That Quiet Little Devil: Inadequacy

My friend asked me how I deal with inadequacy, and I had to think about it for awhile. There’s a lot of articles, and videos, and blogs out there sympathizing with the feeling of inadequacy. Some of my favorites being Neil Gaiman’s NaNoWriMo Pep Talk, Ira Glass on Storytelling, Why Writing a Book is Hard by Sarah J. Bray, Don’t Give Up by Beth Revis, and this blog on Burnout by Dawn Montgomery.

But that doesn’t always help. Sometimes I’ll open up a manuscript and feel physically ill. No matter what anyone says, no matter the encouragement I get, it’s like I’m just vomiting words onto a page of sewage, and then slogging through it so it gets caked and dry on my skin, and I feel like the crap that I see my writing as.

There was one time that my own pressure and my perception and my goals were strangling the words that were coming out, and I had to stop. It wasn’t healthy or productive, and I had to take a whole freaking month to find the courage to even try to write again, spending that time with my family and reading a ton and generally refilling the creative well.

It was the right choice.

Another time, I had some crazy-difficult-but-needed revisions to apply to a manuscript I was totally exhausted of working on. And I slogged through that feeling of inadequacy, because I had goals to meet, and I may not have succeeded in the end, but they were more important to me than anything.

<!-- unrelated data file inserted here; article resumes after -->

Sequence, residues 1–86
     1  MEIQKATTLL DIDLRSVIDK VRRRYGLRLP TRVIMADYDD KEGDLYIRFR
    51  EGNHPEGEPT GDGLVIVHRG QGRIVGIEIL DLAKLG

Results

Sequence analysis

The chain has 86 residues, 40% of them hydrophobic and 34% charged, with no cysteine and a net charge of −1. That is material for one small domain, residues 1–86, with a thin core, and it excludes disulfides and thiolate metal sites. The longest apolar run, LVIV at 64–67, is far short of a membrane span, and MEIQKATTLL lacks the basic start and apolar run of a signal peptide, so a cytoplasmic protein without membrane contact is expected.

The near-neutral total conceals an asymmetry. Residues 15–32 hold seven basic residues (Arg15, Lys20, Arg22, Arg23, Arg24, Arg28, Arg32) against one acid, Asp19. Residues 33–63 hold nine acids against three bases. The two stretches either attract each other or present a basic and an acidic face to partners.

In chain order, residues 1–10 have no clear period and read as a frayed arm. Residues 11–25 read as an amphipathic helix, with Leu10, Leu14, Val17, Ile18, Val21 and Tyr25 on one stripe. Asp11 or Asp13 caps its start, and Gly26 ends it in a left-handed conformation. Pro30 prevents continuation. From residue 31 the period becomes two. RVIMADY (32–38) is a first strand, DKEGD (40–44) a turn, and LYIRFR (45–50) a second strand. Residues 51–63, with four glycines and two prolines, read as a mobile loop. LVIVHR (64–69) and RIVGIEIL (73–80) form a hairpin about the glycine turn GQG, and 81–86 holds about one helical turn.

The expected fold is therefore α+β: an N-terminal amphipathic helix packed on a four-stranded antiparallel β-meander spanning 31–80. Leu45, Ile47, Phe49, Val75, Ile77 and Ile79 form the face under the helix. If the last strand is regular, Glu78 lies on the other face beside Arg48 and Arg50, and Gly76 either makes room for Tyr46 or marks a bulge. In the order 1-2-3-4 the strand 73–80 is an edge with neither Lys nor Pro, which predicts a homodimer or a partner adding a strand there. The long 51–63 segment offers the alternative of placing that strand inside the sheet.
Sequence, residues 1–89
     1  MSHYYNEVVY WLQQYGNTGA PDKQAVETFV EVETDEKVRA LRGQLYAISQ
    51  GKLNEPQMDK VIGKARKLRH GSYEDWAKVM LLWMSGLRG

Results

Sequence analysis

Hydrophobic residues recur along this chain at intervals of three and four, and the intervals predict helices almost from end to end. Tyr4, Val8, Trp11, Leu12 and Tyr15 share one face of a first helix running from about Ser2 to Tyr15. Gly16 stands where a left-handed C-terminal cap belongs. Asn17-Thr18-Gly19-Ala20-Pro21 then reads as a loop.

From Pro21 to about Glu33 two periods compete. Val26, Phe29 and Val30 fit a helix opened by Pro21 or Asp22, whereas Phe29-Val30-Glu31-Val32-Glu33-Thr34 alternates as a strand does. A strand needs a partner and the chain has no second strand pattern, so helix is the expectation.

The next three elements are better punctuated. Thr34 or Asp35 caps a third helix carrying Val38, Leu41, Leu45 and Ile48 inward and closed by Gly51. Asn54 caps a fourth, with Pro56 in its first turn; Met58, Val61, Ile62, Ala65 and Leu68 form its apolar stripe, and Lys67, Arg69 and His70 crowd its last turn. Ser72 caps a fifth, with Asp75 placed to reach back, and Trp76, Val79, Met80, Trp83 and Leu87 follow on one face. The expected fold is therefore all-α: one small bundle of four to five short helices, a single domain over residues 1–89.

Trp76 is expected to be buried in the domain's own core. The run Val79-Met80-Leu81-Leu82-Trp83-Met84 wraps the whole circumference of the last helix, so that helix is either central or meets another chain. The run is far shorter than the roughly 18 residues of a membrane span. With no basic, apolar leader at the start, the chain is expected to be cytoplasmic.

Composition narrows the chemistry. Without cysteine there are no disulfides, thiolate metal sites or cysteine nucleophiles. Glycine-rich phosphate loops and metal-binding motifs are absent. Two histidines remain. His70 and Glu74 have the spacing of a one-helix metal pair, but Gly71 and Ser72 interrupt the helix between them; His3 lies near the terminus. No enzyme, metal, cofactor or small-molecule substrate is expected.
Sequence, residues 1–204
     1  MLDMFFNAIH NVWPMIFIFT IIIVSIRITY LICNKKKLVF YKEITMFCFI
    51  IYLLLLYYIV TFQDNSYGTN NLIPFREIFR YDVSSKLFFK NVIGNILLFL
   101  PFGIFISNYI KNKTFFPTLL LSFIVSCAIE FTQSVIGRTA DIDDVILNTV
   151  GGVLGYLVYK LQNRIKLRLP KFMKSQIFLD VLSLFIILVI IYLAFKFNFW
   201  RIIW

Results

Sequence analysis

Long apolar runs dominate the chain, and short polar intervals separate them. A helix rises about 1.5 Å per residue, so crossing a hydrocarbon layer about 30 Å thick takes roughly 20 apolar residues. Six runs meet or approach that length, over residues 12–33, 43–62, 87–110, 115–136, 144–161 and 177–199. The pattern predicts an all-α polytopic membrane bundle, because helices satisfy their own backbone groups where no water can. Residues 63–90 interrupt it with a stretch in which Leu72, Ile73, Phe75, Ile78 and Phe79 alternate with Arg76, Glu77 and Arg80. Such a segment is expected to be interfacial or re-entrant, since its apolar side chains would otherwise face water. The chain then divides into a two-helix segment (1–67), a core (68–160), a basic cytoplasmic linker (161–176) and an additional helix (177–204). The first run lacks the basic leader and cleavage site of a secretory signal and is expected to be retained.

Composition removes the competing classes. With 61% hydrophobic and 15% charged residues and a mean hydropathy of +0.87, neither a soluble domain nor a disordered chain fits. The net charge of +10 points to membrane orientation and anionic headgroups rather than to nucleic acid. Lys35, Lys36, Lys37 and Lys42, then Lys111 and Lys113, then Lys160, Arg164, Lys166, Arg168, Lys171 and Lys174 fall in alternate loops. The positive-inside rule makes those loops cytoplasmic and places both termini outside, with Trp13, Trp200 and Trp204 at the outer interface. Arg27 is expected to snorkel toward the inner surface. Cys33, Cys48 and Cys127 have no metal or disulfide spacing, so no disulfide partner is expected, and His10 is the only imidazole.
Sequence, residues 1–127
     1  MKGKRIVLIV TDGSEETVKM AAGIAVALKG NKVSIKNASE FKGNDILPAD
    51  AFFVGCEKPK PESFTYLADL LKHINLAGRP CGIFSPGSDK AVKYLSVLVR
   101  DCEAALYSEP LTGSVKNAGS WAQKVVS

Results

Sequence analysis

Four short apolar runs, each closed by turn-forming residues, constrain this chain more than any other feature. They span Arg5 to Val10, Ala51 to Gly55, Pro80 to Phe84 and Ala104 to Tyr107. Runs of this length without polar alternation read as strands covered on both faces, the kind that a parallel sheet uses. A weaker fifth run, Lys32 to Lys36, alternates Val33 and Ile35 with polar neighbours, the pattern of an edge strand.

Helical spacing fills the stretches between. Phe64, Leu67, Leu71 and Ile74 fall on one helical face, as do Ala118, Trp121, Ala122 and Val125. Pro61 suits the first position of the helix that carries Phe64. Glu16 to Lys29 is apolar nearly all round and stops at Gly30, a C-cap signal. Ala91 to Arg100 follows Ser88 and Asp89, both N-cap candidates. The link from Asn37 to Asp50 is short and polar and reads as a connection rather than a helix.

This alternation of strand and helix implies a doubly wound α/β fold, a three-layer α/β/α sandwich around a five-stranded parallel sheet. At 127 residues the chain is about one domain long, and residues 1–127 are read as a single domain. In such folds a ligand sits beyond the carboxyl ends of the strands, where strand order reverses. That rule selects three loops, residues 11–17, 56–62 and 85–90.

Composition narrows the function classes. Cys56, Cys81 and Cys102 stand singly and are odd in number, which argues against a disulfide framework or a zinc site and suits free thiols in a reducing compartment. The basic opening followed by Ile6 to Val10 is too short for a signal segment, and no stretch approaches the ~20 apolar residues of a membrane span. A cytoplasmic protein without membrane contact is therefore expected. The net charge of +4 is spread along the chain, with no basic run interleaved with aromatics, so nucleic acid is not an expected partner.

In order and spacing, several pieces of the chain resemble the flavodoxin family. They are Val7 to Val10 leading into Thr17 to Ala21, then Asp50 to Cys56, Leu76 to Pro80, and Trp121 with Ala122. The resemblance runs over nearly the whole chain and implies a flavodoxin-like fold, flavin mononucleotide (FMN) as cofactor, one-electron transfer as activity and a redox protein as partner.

It was the right choice.

I wish I could give you magical words to tell you what the right choice for you is, right now or sometime in the future — because you will feel this. I have never met a writer who hasn’t hit this point. Last year I spent months stewing in self-pity because life honestly was that rough, and my brain couldn’t take it anymore. But let me give you a few facts that will hopefully help:

  • You’re here, you’re reading this silly blog post, you’re trying. That’s amazing.
  • You’ve written words. Not a lot? Too many? Does it matter? You’ve written more than the people sitting down and only thinking of writing a novel or a short story.
  • Maybe your words do suck. You can make them better.
  • No one who gives you positive feedback is lying to you. They have no reason to. Unless you paid them to, which is kinda weird.
  • Even one word is progress. Reading one sentence in revision is progress. Not every writer has to write every day — I don’t.
  • Success is what you define it as. Nobody can tell you how to be successful or creative.
  • Sometimes writing for a friend, or for yourself, is the best way to get it out. What you do with it afterwards is your choice.
  • Once in awhile, you need a break. Go out for a day. Take a walk, see a movie, get some weird food you’ve never tried before, hang out with friends or family. It’s okay. This is me giving you permission to get off the computer and live a little.
  • If you quit, that’s okay. If you decide to never create professionally, that’s okay. If you want to come back, that’s okay.
  • It’s okay. Whatever you’re feeling right now is okay. It makes you cry, and eat lots of deliciously horrible food, and probably some crappy TV, too, but it’s your feeling, and you have every right to feel it. If anyone tells you otherwise, send them to me.

Okay, I’m done rambling. I hope this helps, even if all it does is make you feel less alone in the isolation that creativity always seems to bring. If you need to talk about it, the comments are all yours.

Bacon, out.


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